The brewery said it has reached an agreement with the Czech Republic's Zatec Brewery initially to produce at least 5,000 cases, each containing 24 bottles of Murree Beer, annually from next year. That amount will double in 2015, Rehman said.

However, the managing director of Zatec Brewery, Martin Kec, said he knew nothing of this arrangement and his firm had only produced a very small amount of Murree Beer in the past.

Murree Brewery also said it has lined up distributors in Texas, Dubai and Denmark to market and sell its lager under franchise agreements, and is looking for partners in Britain and other European countries.

But Murree Beer faces a difficult road as a new player in the crowded US and European markets, dominated by the industry's "big four" - Anheuser-Busch InBev, SABMiller, Heineken and Carlsberg.

The company's last attempt to break into Western markets failed after it was forced to end its partnership with an Austrian brewery due to high costs and logistical problems.

Analysts say a few tabloid headlines will not be enough to be successful and Murree will also need a multi-million-dollar promotional campaign. It is also unclear the type of consumer they are trying to sell their beer to, since most Pakistanis living abroad are Muslim and unlikely to drink alcohol.

"They are never going to be anything but a very niche player. It's unlikely they will be able to push as hard as major brewers with their own niche lagers," said a London-based stock analyst, who asked not to be identified because he did not cover Murree Brewery.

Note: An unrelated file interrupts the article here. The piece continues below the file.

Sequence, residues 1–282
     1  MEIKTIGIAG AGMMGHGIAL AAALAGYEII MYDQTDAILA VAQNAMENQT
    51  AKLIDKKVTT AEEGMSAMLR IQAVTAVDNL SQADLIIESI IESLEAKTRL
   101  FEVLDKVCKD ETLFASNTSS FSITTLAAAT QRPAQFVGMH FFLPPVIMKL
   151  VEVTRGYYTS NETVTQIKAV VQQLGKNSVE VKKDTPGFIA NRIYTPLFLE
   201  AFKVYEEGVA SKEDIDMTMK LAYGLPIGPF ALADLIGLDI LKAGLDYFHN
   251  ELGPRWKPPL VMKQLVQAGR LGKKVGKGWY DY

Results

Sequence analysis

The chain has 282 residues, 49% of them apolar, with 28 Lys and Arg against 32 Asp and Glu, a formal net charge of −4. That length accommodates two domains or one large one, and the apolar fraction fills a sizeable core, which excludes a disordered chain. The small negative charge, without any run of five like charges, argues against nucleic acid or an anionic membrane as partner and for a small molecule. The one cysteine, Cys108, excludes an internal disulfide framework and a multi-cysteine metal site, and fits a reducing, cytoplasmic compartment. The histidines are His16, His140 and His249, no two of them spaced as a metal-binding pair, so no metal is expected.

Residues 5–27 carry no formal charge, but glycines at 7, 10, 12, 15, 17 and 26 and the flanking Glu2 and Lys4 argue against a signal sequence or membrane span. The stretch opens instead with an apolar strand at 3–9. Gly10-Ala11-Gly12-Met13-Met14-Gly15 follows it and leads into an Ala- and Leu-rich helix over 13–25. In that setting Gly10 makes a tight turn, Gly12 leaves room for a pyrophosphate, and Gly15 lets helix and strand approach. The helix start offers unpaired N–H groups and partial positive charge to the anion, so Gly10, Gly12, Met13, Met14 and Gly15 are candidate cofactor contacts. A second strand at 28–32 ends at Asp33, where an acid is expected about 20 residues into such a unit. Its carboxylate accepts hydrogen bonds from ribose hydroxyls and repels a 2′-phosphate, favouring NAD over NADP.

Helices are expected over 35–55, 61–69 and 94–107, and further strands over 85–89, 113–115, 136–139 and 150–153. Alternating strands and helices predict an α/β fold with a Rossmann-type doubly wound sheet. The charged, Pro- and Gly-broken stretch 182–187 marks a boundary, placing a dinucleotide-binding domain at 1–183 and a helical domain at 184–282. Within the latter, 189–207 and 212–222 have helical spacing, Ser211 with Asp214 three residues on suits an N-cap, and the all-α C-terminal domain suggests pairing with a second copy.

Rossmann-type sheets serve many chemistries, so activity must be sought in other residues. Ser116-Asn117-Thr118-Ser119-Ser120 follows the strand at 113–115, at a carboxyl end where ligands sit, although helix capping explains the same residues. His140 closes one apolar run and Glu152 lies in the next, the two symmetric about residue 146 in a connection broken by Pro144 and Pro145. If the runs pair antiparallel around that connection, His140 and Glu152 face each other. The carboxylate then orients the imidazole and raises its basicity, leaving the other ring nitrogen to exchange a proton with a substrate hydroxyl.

But company officials are hopeful, particularly for the US market. "Americans will drink anything. They are like fish," Rehman said.

View a slideshow on the Murree Brewery here

COMMENTS (31)

agthagola | 8 years ago | Reply

I hope the owner of this "Murree Brewery" drink himself and let his grown up chidlren (including his wife daugthers and sons) drink this poison day and night so the appreciation start from the family within.

As far as I recall when I was in Pakistan only "non Muslims" could buy liquor legally. Even for non Muslims they had to apply for permit to buy alcohol. My friend told me that if somebody wat to drink then they have to hire their own christian to bring liquar for them.

I think Murree Brewery is at present mostly serving the needs of our non Muslim brothers some of them like to get drunk at occisions.

agthagola | 8 years ago | Reply

@Khurram: Bau Khurram, drinking alcohol my be your problem or the so called few of your Muslim friends who may drink. As far as I know overwhelmingly large majority of Muslims in Christian countries do not drink and do not go to bars.

I know one Pakistani occionally use to go to bar but in bars he always told that he is from "india" and his name is "Mahdu lal".

VIEW MORE COMMENTS
Replying to X

Comments are moderated and generally will be posted if they are on-topic and not abusive.

For more information, please see our Comments FAQ

E-Publications

Most Read